A full re-brand for an automation company consisting of website experience design, a new logotype, a new visual style, and conference design.






UI design
Visual research

The branding part


Nintex is a workflow automation company. They recognised that none of their competitors defined themselves enough to stand out in the market. Thus, they decided to engage our team to help with the brand, positioning, and identity to make Nintex the most recognisable and a default “go-to” provider.


Redesign the identity to have a stronger presence and differentiate the business from competitors. The new visual approach needs to work across a variety of assets from digital, through more traditional print collateral, to environmental pieces.


Updating an existing identity requires dealing with a lot of pre-existing conditions. Things like equity in the old logotype or existing web hosting services had to be taken into account when developing visual solutions.


We started off with competitive and analogous research. A lot of the competitor research was already provided but the company had a hard time synthesizing the research into actionable steps. We have helped Nintex draw conclusions by providing visual representations of where the company was positioned in the competitive landscape. The posters triggered conversations that led to better definitions of the website goals. From there we defined user personas and created primary user flows to ensure that the new website is focused on optimizing user journeys.


During the research phase, we discovered that the Nintex brand has already some unique treats in their current brand that distinguish them from competitors. One of those is the orange colour that stands out in the mostly blue-dominated sector. Another powerful element is the letter “x” that has a lot of equity and recognition that it built over the years. Hence, we decided to primarily amplify and refine the brand, so it does not feel foreign to what it was but is also relatable to the modern businesses and positioned as a confident industry leader. We introduced a visual system that has a lot of flexibility but provides a strong structure and consistency.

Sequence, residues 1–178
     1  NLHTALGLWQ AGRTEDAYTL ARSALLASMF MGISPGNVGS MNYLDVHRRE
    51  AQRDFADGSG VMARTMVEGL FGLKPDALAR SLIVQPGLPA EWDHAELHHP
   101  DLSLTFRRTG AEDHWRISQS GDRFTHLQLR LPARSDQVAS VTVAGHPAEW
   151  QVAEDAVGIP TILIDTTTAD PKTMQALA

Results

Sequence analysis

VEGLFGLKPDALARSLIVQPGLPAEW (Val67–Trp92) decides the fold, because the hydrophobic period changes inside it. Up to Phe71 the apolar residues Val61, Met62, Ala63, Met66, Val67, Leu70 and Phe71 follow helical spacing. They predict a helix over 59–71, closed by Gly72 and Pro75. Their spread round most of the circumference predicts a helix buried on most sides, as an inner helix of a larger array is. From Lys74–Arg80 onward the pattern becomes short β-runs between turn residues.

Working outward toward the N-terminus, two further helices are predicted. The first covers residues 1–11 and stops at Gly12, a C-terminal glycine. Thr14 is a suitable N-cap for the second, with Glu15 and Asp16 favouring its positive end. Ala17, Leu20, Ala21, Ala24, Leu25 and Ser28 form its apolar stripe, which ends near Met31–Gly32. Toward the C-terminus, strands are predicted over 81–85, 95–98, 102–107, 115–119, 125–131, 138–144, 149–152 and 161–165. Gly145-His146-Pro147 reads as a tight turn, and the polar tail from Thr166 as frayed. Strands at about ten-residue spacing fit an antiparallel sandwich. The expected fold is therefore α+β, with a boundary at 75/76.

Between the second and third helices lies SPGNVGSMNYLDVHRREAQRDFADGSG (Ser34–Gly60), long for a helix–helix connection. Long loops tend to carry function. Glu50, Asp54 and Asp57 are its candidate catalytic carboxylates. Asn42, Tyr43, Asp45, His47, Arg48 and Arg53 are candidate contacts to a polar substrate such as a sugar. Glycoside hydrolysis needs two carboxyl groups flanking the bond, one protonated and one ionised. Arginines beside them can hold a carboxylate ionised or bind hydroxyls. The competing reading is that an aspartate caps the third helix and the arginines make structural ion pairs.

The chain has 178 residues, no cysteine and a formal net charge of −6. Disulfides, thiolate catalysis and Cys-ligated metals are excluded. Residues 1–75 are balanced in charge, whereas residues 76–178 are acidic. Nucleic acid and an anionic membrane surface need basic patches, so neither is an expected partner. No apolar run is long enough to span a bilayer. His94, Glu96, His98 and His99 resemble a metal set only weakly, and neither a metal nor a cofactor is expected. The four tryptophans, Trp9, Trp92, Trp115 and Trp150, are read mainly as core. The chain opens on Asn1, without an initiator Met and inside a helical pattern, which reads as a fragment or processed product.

The website part


The Nintex website is the most customer-facing and the most used asset that promotes the product. Therefore, it was the paramount asset to improve. The existing website has grown organically and included a lot of legacy content that needed to be revised and re-focused so that clients' goals are not obstructed by unnecessary actions.


The business goals for the deliverable were to increase the conversion rate and make sure to communicate two things clearly: the services that Nintex provides and what the benefits of using them over their competitors are.


Some of the provided research findings were based on interviewing existing customers rather than the target audience i.e. new customers. Therefore, we had to take a heuristic approach to our early prototypes with the use of common UI patterns, and evaluate them during early stages of prototype testing.


The new website is significantly simplified to help reduce cognitive load. It includes contextual information and calls to action in order to optimize the user journey and keep it as close to a “happy path” as possible in the many points of entry. We have considered multiple scenarios, for instance with a persona that likes to research a lot before making a commitment, and included links to suggested studies that lead users down the path of contacting customer service. Use of tighter layouts, clearer hierarchy of information, and different types of photography to indicate the level of presented information helps to navigate through the website.

A lot of the information has been cut which is reflected in the site map. We have designed a directional structure that was flexible enough to accommodate various goals but did not overwhelm with an overload of information. This is also visible in the new navigation that has been changed from a confusing two-line collection of items to a mega-menu approach with clear signifiers to indicate intended affordances. All the content is grouped and logically displayed so that the user intuitively knows where to go.

My Impact

I was the lead designer for a team of three on the project. I was responsible for researching a new web flow based on user journeys and developing a hierarchy for the pages and work with the developers to ensure smooth implementation. I worked closely with my team to ensure consistency across all the pages. In parallel, I was leading the re-branding effort from strategizing and defining the direction to creating a system that is flexible and scalable. On the visual side, I was responsible for creating design patterns as well as brand guidelines.